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FINAL YEAR DESIGN PROJECT

PROGRESS REPORT
(MID TERM-I)

PRODUCTION OF ACRYLIC ACID

&

SCOPE OF IMPLEMENTATION IN

INDIA

REPORT BY:
AKSHAY SRIVASTAVA
SHUBHAM PARUTHI
KRITI SINHA
JAI GUPTA
Contents
INTRODUCTION:..............................................................................................................................2
CURRENT PROGRESS:....................................................................................................................3
Market research................................................................................................................................3
DATA ANALYSIS..............................................................................................................................4
Literature survey...............................................................................................................................4
Literature summary...........................................................................................................................4
Acrylic Acid by Sequential Dehydration and Oxidation of Glycerol................................................5
Acrylic Acid from ethylene.............................................................................................................5
Acrylic acid from propylene...........................................................................................................6
Acrylic acid from propane oxidation..............................................................................................7
Acrylic acid from Lactic Acid..........................................................................................................7
Economic Feasibility of the processes...............................................................................................7
Process Screening..............................................................................................................................8
Material Balance Description.............................................................................................................8
BIBLIOGRAPHY................................................................................................................................9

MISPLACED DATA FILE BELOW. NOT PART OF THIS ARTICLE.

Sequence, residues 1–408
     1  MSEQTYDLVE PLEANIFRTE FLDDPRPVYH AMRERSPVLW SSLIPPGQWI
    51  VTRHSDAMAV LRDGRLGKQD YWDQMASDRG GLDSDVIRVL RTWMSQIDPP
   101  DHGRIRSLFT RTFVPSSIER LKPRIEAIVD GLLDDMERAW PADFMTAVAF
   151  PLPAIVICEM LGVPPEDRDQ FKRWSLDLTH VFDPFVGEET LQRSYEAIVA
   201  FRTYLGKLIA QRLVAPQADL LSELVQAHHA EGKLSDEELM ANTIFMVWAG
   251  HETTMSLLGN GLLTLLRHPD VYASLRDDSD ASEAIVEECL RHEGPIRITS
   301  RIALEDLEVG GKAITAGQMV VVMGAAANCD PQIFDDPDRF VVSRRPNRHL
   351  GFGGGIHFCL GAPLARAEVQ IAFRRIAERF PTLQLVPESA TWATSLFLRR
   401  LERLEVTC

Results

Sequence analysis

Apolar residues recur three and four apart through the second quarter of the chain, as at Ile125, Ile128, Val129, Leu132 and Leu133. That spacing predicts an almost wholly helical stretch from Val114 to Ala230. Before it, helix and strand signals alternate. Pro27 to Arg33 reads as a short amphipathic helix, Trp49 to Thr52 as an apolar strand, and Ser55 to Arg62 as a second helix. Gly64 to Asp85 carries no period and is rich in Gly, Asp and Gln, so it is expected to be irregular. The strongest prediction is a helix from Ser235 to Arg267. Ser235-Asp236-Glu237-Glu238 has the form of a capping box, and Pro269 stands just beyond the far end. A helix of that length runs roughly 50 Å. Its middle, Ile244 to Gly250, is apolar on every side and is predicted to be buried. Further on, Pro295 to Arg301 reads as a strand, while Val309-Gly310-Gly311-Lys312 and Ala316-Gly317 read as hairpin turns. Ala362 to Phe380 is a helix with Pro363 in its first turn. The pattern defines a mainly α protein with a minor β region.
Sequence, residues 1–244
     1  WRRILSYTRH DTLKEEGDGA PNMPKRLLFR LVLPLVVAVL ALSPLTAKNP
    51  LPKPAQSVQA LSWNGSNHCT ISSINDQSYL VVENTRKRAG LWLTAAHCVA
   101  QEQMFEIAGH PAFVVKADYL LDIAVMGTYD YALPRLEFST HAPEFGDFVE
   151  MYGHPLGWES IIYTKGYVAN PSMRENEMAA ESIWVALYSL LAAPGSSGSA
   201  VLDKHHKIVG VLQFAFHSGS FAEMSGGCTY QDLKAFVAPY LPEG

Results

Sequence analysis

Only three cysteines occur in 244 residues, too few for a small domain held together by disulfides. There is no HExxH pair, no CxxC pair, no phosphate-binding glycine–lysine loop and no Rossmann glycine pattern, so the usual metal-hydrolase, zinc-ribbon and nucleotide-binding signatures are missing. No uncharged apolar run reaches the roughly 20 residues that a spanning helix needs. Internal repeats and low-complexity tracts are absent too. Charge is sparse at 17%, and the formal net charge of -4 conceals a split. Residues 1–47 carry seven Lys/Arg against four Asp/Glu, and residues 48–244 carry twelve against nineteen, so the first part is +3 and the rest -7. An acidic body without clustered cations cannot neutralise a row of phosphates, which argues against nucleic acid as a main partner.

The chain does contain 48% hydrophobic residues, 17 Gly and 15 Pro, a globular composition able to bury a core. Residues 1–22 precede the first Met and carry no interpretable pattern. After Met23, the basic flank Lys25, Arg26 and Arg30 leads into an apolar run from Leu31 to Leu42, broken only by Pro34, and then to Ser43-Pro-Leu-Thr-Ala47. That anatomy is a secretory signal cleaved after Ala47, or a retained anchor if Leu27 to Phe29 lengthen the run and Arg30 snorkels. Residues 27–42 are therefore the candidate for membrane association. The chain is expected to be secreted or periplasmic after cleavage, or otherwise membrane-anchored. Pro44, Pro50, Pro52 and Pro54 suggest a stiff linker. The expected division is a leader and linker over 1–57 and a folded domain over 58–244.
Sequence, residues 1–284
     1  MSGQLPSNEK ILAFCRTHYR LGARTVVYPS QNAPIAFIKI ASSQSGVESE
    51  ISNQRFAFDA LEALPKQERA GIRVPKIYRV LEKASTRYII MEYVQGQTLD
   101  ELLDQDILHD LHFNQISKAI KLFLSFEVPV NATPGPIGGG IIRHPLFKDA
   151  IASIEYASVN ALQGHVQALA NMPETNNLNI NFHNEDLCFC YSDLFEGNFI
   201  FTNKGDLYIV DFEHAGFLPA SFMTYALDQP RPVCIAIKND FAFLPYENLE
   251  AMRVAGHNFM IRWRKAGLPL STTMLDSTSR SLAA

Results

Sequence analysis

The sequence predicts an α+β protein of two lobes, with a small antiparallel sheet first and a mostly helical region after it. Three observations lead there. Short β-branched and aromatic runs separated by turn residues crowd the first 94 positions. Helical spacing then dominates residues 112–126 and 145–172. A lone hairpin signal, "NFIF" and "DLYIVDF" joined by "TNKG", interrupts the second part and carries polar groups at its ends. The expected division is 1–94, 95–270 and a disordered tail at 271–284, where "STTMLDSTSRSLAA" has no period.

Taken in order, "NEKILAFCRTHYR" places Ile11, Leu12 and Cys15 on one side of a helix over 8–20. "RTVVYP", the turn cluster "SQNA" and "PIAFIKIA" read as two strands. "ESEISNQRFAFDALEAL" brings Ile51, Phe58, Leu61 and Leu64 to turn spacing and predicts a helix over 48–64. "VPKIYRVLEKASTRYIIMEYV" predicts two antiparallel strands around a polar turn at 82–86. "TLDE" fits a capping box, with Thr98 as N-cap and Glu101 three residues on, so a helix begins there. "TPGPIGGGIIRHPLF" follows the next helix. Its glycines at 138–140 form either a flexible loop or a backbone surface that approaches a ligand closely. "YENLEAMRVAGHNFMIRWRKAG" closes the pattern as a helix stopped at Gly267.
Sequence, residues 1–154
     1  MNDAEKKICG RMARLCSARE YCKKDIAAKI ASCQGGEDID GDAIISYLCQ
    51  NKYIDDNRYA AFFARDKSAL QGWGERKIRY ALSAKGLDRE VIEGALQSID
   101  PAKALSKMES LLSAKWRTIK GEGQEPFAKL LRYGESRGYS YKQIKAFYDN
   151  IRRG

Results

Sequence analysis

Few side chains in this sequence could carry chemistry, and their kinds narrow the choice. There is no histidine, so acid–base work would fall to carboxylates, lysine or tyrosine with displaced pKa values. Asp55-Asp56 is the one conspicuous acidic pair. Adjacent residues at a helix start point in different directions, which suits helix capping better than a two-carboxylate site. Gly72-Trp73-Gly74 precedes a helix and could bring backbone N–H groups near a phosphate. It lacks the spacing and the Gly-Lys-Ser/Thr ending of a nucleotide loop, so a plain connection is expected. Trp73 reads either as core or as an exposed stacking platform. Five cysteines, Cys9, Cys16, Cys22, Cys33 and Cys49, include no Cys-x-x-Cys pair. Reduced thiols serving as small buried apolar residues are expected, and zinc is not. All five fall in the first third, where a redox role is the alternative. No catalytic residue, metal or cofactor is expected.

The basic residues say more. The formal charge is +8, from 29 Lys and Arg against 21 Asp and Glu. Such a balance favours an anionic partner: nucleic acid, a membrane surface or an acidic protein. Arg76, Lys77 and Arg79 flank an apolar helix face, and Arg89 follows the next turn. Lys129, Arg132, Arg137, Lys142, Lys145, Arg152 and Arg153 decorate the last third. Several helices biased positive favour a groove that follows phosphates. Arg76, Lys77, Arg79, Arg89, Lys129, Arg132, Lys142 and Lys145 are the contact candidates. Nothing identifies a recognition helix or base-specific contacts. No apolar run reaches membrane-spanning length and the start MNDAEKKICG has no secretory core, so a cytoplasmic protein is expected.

INTRODUCTION:

Acrylic acid (CH2=CHCOOH) is the simplest unsaturated carboxylic acid and exists as a
colourless liquid with pungent smell at standard temperature and pressure (T = 298K, P =
1atm). Acrylic acid finds applications in varied industries due to its varying degree of
durability, tackiness & hardness. Crude acrylic acid is [1]:
 Used as a monomer in Superabsorbent polymers (SAPs) that have applications in
baby diapers, sanitary napkins, soaker pads for food packaging, etc.
 Used to produce acrylates that have applications in masonry and industrial coatings,
adhesives, paper and leather coatings, floor polishes, wood paints, tablet coatings etc.
 Used to make acrylic glass which is an alternative to
 glass in greenhouses
 Used as monomer in production of detergents
The demand for acrylic acid has been constantly increasing due to growth in demand for
SAPs, and growth in water-based adhesive market and real estate industry but our country
still relies on foreign suppliers. The demand supply gap is increasing very rapidly and is
expected to reach 260 kilo tonnes per annum (KTPA) by 2020. (Fig.1A) The Indian market
for acrylic acid seems very lucrative as evident from data shown below:

We conclude that setting up an acrylic acid plant will be profitable because of low existing
domestic competition. We can sell it at a lower price as compared to foreign manufacturers
due to the reduction in transport and custom cost. As demand-supply gap is 210 KTPA, we
are planning for plant with production of 100 KTPA to meet the forecasted demand. Mumbai
and Gujarat are the best possible locations because of factors like government support,
flourishing economy, ease of doing business, good infrastructure and availability of raw
material, power and labour etc.
CURRENT PROGRESS:

The outline for the current progress of the project is as mentioned below:
 Market research.
 Literature Survey
 Literature Summary
 Economic analysis
 Process screening
 Material Balance.

Market research

The market research was conducted by performing the analysis of the Indian market of
Acrylic Acid for the past 10 years. The data was collected from the commodity market
performance of acrylic acid published by ECONOMIC TIMES until 15th January, 2020. The
data was then plotted in excel and the future trends were predicted by data extrapolation. The
data that was plotted is as shown in Figure 1(a) and (b). The following deductions can be
made about the data set:

DATA ANALYSIS

 As India is a developing country, the demand for super-absorbent polymers has been
increasing. The market for SAPs in India has been increasing at an estimated CAGR
of 9.4% for the past decade (a relatively high value). This is attributed to increasing
shift in the import v/s domestic production mentality. Dropping labour charges yet
rising STEM population in India (Science, technology, engineering and mathematics)
has further enhanced the national production of products such as Diapers and sanitary
pads. This rise in the demand was constant until 2016.
 There was a rise in the supply v/s demand gap in the market in the late 2016 and then
a sudden decrease in the same due to demonetization of the Rs.1000 and Rs.500 notes
in the nation which contributed significantly to the sink of the national GDP by
~1.6%.
 The increase in the supply v/s demand gap in the market has been constant up until
the late 2019.